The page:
Justin Delgado is husband to Kacie Doyle-Delgado, diagnosed at age 11. After more than a decade together, he considers himself to be an expert carb counter and Dexcom inserter. He graduated with his Master of Science in Finance from the University of Utah in 2013 and has been working in commercial banking since then. He attended his first Friends for Life conference in 2015 and is looking forward to volunteering with the teens.
December 16, 2001
Question from Cape May Court House, New Jersey, USA:
My nine year old daughter, diagnosed eight months ago, is very interested in going on the pump, and her endocrinologist's only concern is the fact that she does dance and gymnastics four to five days a week. Her team is worried that she would have a hard time with lows and they told us we can't take it off for more than an hour at a time. Any suggestions?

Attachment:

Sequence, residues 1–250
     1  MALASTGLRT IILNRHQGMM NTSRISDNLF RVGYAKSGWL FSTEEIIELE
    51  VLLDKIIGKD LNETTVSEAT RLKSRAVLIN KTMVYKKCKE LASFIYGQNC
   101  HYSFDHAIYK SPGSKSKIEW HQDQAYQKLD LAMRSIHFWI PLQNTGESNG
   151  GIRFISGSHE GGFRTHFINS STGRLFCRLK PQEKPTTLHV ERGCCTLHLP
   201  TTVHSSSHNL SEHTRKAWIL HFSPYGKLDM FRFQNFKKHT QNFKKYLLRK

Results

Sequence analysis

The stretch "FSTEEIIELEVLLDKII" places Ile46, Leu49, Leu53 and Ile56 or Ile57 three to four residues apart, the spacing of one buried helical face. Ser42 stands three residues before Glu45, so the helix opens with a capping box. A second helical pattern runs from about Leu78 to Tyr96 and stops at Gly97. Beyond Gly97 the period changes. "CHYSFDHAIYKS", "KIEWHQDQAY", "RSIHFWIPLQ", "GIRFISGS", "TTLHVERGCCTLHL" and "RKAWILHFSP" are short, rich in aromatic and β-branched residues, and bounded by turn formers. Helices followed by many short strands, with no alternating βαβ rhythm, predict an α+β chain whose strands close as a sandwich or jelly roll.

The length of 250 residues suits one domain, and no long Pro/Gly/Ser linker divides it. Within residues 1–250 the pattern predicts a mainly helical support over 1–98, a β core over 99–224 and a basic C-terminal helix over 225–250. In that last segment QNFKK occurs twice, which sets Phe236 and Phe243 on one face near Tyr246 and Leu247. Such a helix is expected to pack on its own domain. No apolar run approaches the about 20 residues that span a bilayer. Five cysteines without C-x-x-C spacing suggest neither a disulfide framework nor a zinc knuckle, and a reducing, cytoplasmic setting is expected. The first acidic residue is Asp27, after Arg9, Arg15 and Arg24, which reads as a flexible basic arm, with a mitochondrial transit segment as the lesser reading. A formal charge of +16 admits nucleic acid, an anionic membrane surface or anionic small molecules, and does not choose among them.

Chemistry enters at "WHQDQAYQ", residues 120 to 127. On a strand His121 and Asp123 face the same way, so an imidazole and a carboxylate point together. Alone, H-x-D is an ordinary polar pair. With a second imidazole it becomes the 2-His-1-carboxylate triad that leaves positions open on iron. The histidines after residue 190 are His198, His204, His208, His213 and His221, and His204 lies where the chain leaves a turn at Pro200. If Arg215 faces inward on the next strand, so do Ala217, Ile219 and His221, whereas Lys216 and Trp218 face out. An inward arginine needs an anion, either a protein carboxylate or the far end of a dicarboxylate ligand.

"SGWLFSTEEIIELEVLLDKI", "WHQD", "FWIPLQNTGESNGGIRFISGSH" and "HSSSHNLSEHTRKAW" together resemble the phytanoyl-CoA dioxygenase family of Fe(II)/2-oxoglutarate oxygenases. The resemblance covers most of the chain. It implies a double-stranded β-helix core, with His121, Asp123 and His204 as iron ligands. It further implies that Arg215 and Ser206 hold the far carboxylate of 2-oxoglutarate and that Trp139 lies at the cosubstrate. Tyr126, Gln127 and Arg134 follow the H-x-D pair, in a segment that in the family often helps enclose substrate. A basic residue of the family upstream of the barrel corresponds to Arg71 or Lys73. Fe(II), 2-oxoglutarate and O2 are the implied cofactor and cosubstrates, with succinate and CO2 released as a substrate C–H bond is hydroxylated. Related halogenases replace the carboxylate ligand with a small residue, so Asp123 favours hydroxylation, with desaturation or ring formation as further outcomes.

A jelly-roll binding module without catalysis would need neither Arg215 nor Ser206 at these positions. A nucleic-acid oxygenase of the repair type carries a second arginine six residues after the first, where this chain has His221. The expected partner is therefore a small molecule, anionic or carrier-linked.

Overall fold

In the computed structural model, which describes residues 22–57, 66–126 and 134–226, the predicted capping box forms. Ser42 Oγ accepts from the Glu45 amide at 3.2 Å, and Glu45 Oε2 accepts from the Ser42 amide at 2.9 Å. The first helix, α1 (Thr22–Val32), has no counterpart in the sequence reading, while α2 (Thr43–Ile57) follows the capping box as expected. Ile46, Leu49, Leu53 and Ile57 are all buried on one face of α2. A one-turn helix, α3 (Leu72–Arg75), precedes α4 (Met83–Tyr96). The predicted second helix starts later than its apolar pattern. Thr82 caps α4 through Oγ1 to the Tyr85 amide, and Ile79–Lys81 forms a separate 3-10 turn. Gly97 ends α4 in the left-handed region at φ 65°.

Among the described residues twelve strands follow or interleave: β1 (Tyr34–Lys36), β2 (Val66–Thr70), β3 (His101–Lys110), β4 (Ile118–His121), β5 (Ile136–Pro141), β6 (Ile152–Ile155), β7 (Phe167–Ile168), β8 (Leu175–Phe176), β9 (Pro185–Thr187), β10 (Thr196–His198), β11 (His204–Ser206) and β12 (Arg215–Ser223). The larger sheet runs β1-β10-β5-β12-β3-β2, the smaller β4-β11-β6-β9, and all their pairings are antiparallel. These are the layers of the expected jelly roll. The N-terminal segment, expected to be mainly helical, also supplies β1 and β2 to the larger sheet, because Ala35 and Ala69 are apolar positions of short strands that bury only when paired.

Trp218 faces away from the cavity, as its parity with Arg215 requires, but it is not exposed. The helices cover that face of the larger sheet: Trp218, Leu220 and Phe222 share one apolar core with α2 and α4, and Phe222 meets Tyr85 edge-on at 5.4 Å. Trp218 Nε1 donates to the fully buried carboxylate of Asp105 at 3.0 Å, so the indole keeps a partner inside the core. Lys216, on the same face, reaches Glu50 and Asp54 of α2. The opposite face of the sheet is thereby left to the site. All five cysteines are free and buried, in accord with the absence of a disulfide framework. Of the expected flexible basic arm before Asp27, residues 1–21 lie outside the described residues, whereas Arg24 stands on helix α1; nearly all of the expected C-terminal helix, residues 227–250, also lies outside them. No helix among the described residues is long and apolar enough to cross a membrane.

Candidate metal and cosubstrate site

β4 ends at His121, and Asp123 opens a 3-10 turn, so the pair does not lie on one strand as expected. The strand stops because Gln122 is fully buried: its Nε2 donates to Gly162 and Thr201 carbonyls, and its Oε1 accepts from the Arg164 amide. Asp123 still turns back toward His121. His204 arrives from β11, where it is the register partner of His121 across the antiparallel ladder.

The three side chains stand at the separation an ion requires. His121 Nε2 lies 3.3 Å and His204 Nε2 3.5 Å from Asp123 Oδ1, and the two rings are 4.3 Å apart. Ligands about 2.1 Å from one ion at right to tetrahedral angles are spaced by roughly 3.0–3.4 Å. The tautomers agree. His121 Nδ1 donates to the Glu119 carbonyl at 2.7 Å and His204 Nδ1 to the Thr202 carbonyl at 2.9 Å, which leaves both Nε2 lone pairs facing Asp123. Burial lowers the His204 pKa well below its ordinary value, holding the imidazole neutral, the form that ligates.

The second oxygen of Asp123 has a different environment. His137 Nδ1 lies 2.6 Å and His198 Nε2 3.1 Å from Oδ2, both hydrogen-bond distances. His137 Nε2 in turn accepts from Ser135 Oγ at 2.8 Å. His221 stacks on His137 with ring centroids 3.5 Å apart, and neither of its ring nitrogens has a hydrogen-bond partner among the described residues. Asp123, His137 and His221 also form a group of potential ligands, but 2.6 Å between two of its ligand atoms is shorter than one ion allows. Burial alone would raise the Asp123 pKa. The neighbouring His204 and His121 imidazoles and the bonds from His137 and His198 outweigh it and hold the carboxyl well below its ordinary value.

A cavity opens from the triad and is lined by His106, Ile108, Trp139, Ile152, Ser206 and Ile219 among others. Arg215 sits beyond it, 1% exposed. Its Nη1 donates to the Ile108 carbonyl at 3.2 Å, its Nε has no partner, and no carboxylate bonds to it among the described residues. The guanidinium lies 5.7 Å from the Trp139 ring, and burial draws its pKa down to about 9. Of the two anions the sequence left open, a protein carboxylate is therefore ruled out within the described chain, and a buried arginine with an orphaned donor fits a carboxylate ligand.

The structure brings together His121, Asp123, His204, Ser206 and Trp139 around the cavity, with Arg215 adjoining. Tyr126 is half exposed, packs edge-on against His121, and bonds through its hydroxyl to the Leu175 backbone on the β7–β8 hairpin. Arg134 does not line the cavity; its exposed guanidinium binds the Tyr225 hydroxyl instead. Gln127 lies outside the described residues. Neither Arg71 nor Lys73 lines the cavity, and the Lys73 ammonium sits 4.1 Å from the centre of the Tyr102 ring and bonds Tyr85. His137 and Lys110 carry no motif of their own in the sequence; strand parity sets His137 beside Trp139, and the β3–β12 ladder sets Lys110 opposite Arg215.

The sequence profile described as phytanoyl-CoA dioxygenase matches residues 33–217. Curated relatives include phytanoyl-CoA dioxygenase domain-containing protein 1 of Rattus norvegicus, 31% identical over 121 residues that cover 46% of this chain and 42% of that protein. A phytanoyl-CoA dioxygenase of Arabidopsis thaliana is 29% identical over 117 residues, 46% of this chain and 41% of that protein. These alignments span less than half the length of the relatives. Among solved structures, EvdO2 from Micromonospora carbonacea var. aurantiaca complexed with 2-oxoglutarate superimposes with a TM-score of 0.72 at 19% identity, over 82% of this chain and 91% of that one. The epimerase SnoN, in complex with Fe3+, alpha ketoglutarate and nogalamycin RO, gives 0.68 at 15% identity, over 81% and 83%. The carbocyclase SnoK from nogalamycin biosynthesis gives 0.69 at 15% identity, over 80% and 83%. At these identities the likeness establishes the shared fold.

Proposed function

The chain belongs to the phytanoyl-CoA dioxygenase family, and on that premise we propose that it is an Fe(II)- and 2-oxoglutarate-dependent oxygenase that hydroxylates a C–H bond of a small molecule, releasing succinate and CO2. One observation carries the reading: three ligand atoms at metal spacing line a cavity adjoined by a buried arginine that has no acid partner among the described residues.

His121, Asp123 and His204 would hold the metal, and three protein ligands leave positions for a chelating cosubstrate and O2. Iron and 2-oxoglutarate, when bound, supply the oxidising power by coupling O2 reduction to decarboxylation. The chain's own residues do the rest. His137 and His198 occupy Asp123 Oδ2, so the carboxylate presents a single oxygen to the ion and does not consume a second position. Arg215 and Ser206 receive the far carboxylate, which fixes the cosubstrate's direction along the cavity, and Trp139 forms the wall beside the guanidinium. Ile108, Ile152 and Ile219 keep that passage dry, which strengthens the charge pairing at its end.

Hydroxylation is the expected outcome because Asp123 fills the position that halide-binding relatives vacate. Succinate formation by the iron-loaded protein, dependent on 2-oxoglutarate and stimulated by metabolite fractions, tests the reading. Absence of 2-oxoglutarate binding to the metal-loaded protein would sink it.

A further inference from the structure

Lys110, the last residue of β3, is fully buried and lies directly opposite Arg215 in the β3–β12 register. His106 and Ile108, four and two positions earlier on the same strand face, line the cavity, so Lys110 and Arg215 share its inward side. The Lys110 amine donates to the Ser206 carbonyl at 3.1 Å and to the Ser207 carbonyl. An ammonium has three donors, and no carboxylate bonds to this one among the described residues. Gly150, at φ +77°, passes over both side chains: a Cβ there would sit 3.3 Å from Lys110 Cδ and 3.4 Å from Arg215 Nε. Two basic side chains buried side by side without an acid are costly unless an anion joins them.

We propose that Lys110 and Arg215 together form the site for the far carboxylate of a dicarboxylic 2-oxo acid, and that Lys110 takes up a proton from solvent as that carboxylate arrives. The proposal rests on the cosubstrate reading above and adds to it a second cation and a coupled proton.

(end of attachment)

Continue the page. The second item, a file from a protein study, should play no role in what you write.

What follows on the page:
You would want to consider that the insulin pump uses only short-acting insulin so there is no intermediate insulin in the body (injected hours before) which may have a variable onset or a variable peak time. Most pump users will check on their blood glucose before exercise, during exercise if longer than one hour, and after exercise. By repeating the glucose testing two more times for this particular type of exercise a picture of the action of the insulin during that form of exercise will emerge. The safety feature of pump use during exercise is the ability to set the basal rate lower than the normal basal rate at that time of day.
Talk with your daughter’s team about how much to lower the basal rate shortly before, during and possibly after exercise. This is the only insulin delivery system that will allow a change in the insulin level during exercise in a similar manner of which the body would decrease the delivery of insulin.